Training a simple linear model in Flux

I’m trying to get started with Flux, but finding the documentation a bit lacking in regards to explaining the basic functionality.

For example, how would I train the following linear model with a single scalar parameter b using ADAM?

julia> X = randn(100);

julia> Y = 0.5 .* X .+ randn(100);

julia> loss(xs, ys, b) = sum((ys .- b .* xs).^2)
loss (generic function with 1 method)

julia> Flux.Tracker.update!(Flux.ADAM(), Params(0.0), b -> gradient(b0 -> loss(X,Y,b0), b))
ERROR: MethodError: no method matching getindex(::getfield(Main, Symbol("##183#185")), ::Float64)
Closest candidates are:
  getindex(::Any, ::AbstractTrees.ImplicitRootState) at /home/me/.julia/packages/AbstractTrees/z1wBY/src/AbstractTrees.jl:344
 [1] update!(::ADAM, ::Params, ::Function) at /home/me/.julia/packages/Flux/qXNjB/src/optimise/train.jl:11
 [2] top-level scope at REPL[245]:1

The following should work.

First, introduce some packages…

# Packages
using Flux
using Plots; pyplot()
using LaTeXStrings
using Statistics

Next, your data that you wish to fit a model to:

X = rand(100)
Y = 0.5X + rand(100)
plot!(xlabel=L"x",ylabel=L"y",title="Data for linear model")

The data may look as follows:

Next, put your data in data arrays of a shape that Flux can use:

# Preparing data in correct data structure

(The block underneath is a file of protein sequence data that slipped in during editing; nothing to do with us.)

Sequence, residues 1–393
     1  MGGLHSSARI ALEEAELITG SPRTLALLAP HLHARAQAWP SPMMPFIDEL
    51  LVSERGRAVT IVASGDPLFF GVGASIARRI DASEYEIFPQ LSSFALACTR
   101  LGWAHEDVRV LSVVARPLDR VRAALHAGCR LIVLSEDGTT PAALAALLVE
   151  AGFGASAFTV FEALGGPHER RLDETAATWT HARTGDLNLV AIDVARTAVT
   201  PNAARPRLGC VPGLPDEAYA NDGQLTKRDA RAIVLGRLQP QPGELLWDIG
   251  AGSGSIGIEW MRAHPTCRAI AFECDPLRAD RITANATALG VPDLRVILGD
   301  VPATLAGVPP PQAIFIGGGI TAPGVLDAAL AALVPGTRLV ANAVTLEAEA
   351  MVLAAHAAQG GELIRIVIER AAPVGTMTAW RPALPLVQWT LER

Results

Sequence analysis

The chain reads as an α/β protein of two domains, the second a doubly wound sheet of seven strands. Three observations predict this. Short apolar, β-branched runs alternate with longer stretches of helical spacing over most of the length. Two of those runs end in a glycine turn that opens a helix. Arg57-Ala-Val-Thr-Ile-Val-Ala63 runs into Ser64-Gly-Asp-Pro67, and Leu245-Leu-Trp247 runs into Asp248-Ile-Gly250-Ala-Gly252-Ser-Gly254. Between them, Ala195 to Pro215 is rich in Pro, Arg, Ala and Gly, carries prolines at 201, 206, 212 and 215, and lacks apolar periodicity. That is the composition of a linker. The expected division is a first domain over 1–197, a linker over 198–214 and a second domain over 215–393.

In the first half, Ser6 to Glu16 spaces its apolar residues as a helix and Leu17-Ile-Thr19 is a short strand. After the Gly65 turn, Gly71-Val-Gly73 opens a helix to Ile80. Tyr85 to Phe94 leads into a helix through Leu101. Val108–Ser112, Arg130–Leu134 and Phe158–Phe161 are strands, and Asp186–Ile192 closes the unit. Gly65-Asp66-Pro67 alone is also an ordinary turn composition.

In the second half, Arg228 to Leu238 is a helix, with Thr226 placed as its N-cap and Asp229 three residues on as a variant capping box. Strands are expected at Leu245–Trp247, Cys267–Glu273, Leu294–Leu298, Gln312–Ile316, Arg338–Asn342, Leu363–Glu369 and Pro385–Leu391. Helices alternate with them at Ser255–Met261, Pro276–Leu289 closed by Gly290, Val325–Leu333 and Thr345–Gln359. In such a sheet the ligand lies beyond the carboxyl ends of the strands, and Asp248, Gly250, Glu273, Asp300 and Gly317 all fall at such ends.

Xd = reduce(hcat,X)
Yd = reduce(hcat,Y)
data = [(Xd,Yd)]

Next, set up the Flux model:

# Set up Flux problem
# Model 
mod = Dense(1,1)
# Initial mapping
Yd_0 =
# Setting up loss/cost function
loss(x, y) = mean((mod(x).-y).^2)
# Selecting parameter optimization method
opt = ADAM(0.01, (0.99, 0.999))
# Extracting parameters from model
par = params(mod);


  • Since you have a monovariable, linear (affine) mapping, a single layer (no hidden layers) with a linear activation function (default) is sufficient.
  • Dense is the Flux name for the standard Feedforward Neural Net (FNN) block.
  • Yd_0 is the mapping from x to y with the initial (randomly generated) set of model parameters in model mod.
  • In the last line, I name the parameters by par so that I can refer to par in the next code block where I train the “network” (the linear model).

Next, you need to train the model against the data – a major iteration is denoted an “epoch”:

# Training over nE epochs
nE = 1_000
for i in 1:nE
# Final mapping
Yd_nE =;

Here, Yd_nE is the mapping from x to y with the model parameters as they are after nE epochs:

plot!(xlabel=L"x",ylabel=L"y",title="Data for linear model")

… and then the result:

Of course, in this case, it would be much simpler and faster to solve the model using linear algebra.


This should be on a blog or something. Nice and simple!

1 Like

Yes, I think it is a simple introduction. One should just add a nonlinear case + a multi input case, plus a few things more, and that would be a simple way to make people start using Flux.

I’m not really a blogger; I would have to figure out how to set up a blog myself, were I to do it.